‘Positive outcome’: Ex-Mexico state governor Tomás Yarrington Ruvalcaba sentenced to 9 years, forfeits his Port Isabel condo in $3.5M bribe case

Attorney for ex-governor Chris Flood calls sentencing a ‘positive outcome’

Tomas Yarrington Ruvalcaba (ICE, U.S. Immigration and Customs Enforcement)

BROWNSVILLE, Texas – United States District Judge Rolando Olvera sentenced Tomás Yarrington Ruvalcaba, 66, former governor of Tamaulipas, Mexico, on Wednesday to 108 months or nine years for accepting over $3.5 million in bribe money and using it to fraudulently purchase property in the United States, federal authorities said Wednesday.

Not a U.S. citizen, federal officials said Yarrington is expected to face removal proceedings following his imprisonment. In handing down the sentence, the court noted that as an elected official, Yarrington violated his oath of office, weakening the country of Mexico and promoting criminal activity.  As part of his sentence, Yarrington has also forfeited a Port Isabel condominium.

“Even if you are governor of a Mexican state, we will not stand idly by when you use your position to wrongfully fill your pockets and violate the laws of the United States,” said U.S. Attorney Alamdar S. Hamdani. “Today’s prison sentence for Yarrington concludes a multi-year, multi-agency international investigation spanning two continents concluding in bringing a corrupt politician to justice.”

In a news release, federal officials said Yarrington accepted bribes from individuals and private companies in Mexico to do business with the state of Tamaulipas while he served as governor. Yarrington was in that position from 1999 to 2005. He was also an Institutional Revolutionary Party candidate for president of Mexico in 2005.

Yarrington used the bribery money he received while governor to purchase properties in the United States. He had prestanombres - nominee buyers -purchase property in the United States to hide Yarrington’s ownership of the properties and the illegal bribery money used to purchase them. Yarrington laundered his illegally-obtained bribe money in the United States by purchasing beachfront condominiums, large estates, commercial developments, airplanes and luxury vehicles.

“IRS-Criminal Investigation (CI) special agents are experts in following the money in a financial crime, and we found plenty of money to follow that helped to unravel Yarrington’s criminal enterprise,” said acting Special Agent in Charge Rodrick J. Benton of IRS-CI’s Houston Field Office. “Working alongside other law enforcement agencies, the U.S. Attorney’s Office and the other U.S. and international partners helps U.S. taxpayers know that justice is a global concept and no criminal is out of reach.”

“The Drug Enforcement Administration (DEA), HSI, IRS-CI and FBI, along with our state, local and international law enforcement partners, were a force multiplier in this case who collaborated to halt the threat of corrupt money into our country,” said Special Agent in Charge Daniel C. Comeaux of the DEA – Houston Division. “There will always be zero tolerance for those who abuse their power for self-gain at our communities’ expense. This sentence highlights our continued commitment to bringing those who misuse that power to justice.”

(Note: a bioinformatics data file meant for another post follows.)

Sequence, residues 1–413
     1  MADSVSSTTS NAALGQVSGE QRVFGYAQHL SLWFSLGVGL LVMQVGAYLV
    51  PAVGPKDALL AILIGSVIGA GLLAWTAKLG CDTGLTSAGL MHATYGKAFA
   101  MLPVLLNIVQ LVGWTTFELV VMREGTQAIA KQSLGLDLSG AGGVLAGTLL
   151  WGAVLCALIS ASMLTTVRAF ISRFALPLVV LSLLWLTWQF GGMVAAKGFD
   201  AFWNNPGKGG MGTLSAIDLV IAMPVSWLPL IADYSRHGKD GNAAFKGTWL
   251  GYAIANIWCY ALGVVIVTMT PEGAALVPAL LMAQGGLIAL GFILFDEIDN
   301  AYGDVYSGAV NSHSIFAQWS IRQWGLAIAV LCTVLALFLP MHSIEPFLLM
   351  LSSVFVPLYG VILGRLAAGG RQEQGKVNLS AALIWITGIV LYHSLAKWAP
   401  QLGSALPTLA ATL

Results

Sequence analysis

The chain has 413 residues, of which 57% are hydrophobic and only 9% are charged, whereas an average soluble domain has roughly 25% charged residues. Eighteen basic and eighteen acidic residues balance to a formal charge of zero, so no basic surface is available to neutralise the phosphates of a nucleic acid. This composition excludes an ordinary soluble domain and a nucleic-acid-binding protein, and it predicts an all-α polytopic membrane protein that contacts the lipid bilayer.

“This individual took advantage of his position to enrich himself at the expense of those who trusted him,” said Special Agent in Charge Oliver E. Rich Jr. of the FBI - San Antonio Division. “Today’s sentencing serves as a powerful reminder to any corrupt official that these activities will not be tolerated. The FBI remains committed to working alongside our law enforcement partners to hold corrupt officials accountable to the communities they were sworn to serve.”

In April 2017, authorities captured Yarrington in Italy while traveling under an assumed name and false passport. He was taken into custody on a provisional arrest warrant based on the indictment returned in May 2013. Although Yarrington contested extradition, Italian authorities eventually authorized his extradition to the United States. He arrived in April 2018. Yarrington Ruvalcaba pleaded guilty March 25, 2021. He will remain in custody pending transfer to a U.S. Bureau of Prisons facility to be determined in the near future, federal officials said the news release about the case.

Chris Flood, Houston-based defense attorney for Yarrington Ruvalcaba, called the sentencing a “positive outcome for the governor,” as at the time of the sentencing, the court and government dismissed allegations that he was involved in organized crime, drug trafficking or laundering drug proceeds.

“Yarrington is glad that this case is finally over,” Flood said via a news release. “It took time, but this is a positive outcome for the governor.”

Tamaulipas lies along the southern border between the United States and Mexico directly across from Brownsville and Laredo, Texas.

About the Author:

Amanda Cochran is an Edward R. Murrow award-winning journalist. She specializes in Texas features, consumer and business news and local crime coverage.